• From various reports, treating ASD children with HBOT leads to significant social interactions and mood improvements
  • Further, evidence on the use of oxygen therapy against childhood autism shows promise in improving memory and cognitive performance, verbalizations, and social interactions
  • In controlled trial hyperbaric treatment studies, specialists have found significant improvements in coloring skills, speech, and self-help skills in teenagers with ASD using 20 sessions of HBOT at 1.5 atm/100% oxygen
  • A 1.3 atm/24% oxygen hyperbaric hbot treatment can positively impact a child with ASD, including a reduction of repetitive behaviours, improvement in handwriting and fine motor skills, better bowel function, and improved language communication
  • Also, research shows that the anti-inflammatory effects of autism hyperbaric oxygen therapy may improve social interaction and reduce stereotypical behaviors (20 HBOT sessions at 1.5 atm/100% oxygen)

Is HBOT safe for children with autism?

Like any other treatment, HBOT has been shown to have undesirable side effects. This is not a surprise, considering that the studies which support the use of the therapy as a treatment for ASDA are largely mixed and inconclusive.

Possible side effects during and after HBOT can include dizziness and fatigue, while more severe side effects can include:

Sinus damage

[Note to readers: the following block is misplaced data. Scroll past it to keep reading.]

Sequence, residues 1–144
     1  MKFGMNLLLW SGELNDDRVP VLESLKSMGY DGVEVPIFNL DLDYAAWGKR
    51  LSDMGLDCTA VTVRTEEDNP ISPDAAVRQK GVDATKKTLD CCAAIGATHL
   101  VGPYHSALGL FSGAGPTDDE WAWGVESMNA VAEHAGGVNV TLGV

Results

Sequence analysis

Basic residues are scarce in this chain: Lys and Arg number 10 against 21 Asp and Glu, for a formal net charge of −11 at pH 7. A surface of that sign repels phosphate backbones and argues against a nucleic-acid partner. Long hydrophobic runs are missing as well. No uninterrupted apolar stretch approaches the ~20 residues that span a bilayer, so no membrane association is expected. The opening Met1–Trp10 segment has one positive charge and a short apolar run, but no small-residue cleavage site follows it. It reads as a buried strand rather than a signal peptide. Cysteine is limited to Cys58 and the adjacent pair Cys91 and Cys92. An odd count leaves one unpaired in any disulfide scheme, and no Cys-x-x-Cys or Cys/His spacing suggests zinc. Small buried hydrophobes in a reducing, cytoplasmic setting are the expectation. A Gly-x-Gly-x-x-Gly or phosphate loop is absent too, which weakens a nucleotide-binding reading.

Sinus trauma is a common side effect of oxygen therapy if the patient gets into the chamber with an upper respiratory infection. During HBOT, drastic changes in pressure occur following the compression phase in the sinus cavities.

A negative pressure gradient leads to the inflammation of sinuses’ mucosal tissues, thereby blocking these sinuses. This compression leads to congestion and edema. The patient may report facial pain that reduces as the air volume in the chamber expands. The use of decongestant nasal spray before the therapy significantly reduces this undesired effect.

Lung damage

During and after the HBOT therapy, patients may sustain lung tissue damage because of pressure change. The results include air leaking from the lungs into the chest, leading to a dropped lung. This side effect mostly happens in patients with emphysema and asthma.

During decompression, air-filled pockets begin to expand, and, when the pressure is not relieved by the air passages in the lungs, these pockets rupture. The released air causes excess pressure in the chest cavity leading to decreased blood pressure and difficulty in breathing.

Fluid buildup in the middle ear

Middle ear barotrauma is a common side effect of oxygen therapy. Patients experience difficulty with ear balance. They may report feelings of pressure, ear pain, or discomfort during the therapy.

If there is no intervention, this can cause edema in the middle ear, and in some cases, rupture of the inner membrane leading to hearing loss. In rare cases, the therapy can cause a rupture of the oval window membranes and impair inner ear function, leading to vertigo.

Oxygen toxicity and seizures

The increased oxygen level in the blood that happens during HBOT sessions can be poisonous to the focal sensory system and can bring about seizures. While this is uncommon during clinical hyperbaric sessions, it does happen and might be more probable in those with prior seizure issues or hypoglycemia (low glucose). Treatment comprises essentially eliminating the supplemental oxygen from the patient, which will end the seizure.